The two countries will now exchange ambassadors and form a Joint Iraqi-Belarusian Committee for Economic and Trade Cooperation. "The committee's main task will be to launch a common market between the two countries with a view to enhancing and following up the various aspects of bilateral cooperation without the use of brokers." (David Nissman)

BOSNIAN SERB-IRAQI COOPERATION INAUGURATED. SRNA -- the Bijeljina-based official news agency of the Bosnian Serb Republic -- announced on 26 July that the chairman of the Serbian Radical Party (SRS) Vojislav Seselj, and the charge d'affaires of the Iraqi Embassy in the Federal Republic of Yugoslavia (FRY), Walid Salih Al-Adhami, have held talks in Belgrade on the "criminal attacks by the USA against Iraq and the FRY." They also reached an agreement on cooperation between the SRS and the ruling Ba'th Party. The two sides are to hold their first meeting in September.

According to the SRNA report, the SRS statement stated that "it was emphasized with pride that the Serbian and Iraqi people had courageously opposed the hegemony and totalitarianism of the USA, and its wish to impose colonial relations in the world through the use of brutal force." (David Nissman)

UDAYY RESURFACES. During an assasination attempt several years ago, Udayy Saddam Husseyn was struck by at least 16 bullets. Since then he has been undergoing a gradual recovery. London's "Al-Majallah" reported on 11 July that "official Iraqi sources" now say that his recovery to date is a "first step toward regaining his personal and political positions." If true, Udayy could regain his position as number two in the regime, a position his younger brother, Qusayy, has assumed in recent months (see "RFE/RL Iraq Report," 23 July 1999).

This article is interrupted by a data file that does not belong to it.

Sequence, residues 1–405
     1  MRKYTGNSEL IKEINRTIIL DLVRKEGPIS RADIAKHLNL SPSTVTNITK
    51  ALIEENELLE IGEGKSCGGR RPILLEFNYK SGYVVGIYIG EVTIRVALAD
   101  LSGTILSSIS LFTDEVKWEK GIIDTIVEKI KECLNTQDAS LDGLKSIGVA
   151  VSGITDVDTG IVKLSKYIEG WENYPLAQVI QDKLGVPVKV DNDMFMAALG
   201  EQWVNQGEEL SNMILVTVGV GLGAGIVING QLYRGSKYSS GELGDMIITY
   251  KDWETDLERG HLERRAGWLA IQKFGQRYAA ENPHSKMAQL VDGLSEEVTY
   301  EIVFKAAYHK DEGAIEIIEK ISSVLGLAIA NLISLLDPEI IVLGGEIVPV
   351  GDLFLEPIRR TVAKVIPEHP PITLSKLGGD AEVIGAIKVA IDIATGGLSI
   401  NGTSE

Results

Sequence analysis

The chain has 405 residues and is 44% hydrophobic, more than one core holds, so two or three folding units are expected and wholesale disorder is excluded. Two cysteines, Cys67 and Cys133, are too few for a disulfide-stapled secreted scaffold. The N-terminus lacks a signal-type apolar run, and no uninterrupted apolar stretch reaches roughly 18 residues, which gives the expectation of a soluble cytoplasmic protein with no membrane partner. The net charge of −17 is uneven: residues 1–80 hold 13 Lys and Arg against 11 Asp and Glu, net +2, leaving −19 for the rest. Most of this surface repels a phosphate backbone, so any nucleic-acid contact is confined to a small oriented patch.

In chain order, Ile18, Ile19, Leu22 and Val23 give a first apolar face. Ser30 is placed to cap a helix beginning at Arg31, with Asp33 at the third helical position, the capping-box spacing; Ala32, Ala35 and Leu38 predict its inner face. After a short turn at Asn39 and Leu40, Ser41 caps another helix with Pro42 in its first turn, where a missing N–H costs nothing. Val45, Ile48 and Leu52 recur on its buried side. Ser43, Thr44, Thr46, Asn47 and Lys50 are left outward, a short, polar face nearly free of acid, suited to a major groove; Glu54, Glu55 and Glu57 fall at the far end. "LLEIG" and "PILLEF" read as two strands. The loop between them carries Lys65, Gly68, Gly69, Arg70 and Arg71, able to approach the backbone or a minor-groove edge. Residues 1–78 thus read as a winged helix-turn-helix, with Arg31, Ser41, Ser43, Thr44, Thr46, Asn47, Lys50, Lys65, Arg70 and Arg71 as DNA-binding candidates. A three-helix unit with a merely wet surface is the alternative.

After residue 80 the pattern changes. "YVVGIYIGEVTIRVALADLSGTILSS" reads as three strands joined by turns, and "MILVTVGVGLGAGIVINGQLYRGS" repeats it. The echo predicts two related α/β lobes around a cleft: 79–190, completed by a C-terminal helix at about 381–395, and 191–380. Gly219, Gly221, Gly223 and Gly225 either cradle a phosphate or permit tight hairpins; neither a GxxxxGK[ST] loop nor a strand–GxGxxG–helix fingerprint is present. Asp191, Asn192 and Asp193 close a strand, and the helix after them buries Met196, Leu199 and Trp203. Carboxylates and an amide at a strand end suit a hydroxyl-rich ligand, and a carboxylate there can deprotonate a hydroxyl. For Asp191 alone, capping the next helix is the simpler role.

A French youth delegation visited Iraq between 18-26 June and met with Udayy in his capacity as head of the Iraqi Olympic Committee and the Youth Welfare Committee. He told the French delegation: "The resumption of relations with us would serve France's interests well." In other comments, he denounced the United States, noting that "oil is the key to the world economy. The United States has everything except what Nigeria, Iran, Iraq, and Libya have, and the United States wants it all." (David Nissman)

U.S. OIL FIRMS CLOSED OUT OF IRAQ INVESTING. Sami Sharif, an undersecretary in Iraq's Oil Ministry, said that a bid by a group of U.S. oil companies to invest in the country's oil industry had been rejected because "the bid would threaten Iraq's sovereignty over its oil and break Baghdad's declared policy of giving contracts only to firms whose countries support the Iraqi position." The 27 July AFP report did not name the American firms involved. But it did say that Iraq plans to increase production to six million barrels per day over the next decade and was discussing bids with French, Russian, and Chinese oil companies. (David Nissman)